The riverbed bird breeding season is about to begin, so I am spending increasing amounts of time down on the Ashley-Rakahuri River looking for early arrivals. Today I inspected the stretch of riverbed just above the new road bridge north of Rangiora and was excited to see my first wrybill for the season. Last year I saw the first one on August 13. (Editor’s note: Steve Attwood spied one in the Ashley estuary August 13 this year). This one was a female bird feeding constantly in a small braid, and as is often the case at this time of the year, it allowed me to watch from only a short distance away. This was fortunate, as the bird was banded and it was not easy to see the colour combination while it moved quickly between stones and through shallow water. My routine in such situations is to view the bird through binoculars and then write down a combination as soon as I can – in case the bird takes flight. Then, I take time to look more closely through our spotting scope. The combination was M (metal) WG-YO. The scope showed me that my first recording was wrong – I had mistakenly written down the green for a blue, and the orange for a red. Readers might wonder ‘is he colour-blind or something!’, but I can assure you that such mistakes are easily made, even by experienced observers. That is why one must always take time (if allowed) and be studious when trying to record colour bands.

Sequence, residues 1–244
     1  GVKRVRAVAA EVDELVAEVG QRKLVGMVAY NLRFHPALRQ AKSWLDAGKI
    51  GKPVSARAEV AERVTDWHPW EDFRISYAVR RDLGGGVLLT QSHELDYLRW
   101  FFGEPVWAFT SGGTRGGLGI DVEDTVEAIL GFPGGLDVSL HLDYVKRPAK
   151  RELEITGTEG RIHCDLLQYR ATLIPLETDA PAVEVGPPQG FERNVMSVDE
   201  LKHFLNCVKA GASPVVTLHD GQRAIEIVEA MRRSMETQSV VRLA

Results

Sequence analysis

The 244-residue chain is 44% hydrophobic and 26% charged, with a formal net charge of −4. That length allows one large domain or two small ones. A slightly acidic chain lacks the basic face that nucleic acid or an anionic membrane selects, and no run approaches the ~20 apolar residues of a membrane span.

The female bird I saw was not only the season’s first – it was unusual for another reason. Since wrybill banding started on the Ashley-Rakahuri river in 2001, 24 birds have been colour banded. Last year, just 6 were present, and I quickly realised that the wrybill I was looking at was not one of them. What’s more, when I got home, I found that MWG-YO was not amongst the full list of 24 banded birds. So, I emailed our wrybill banding expert, John Dowding, and he soon replied that this bird was one he had banded in the upper Rakaia in October 2011. He went on to comment that ‘It is unusual for wrybills to move from one river to another once established’. Indeed, wrybills have what is known as ‘natal site fidelity’, which means that they usually return to breed in the river where they were fledged. On the Ashley-Rakahuri, I have never heard of anyone seeing a banded wrybill from another river. Maybe this bird was just stopping off on its way back to the Rakaia? Only time will tell – and so far, despite a number of return visits, I have not seen it again.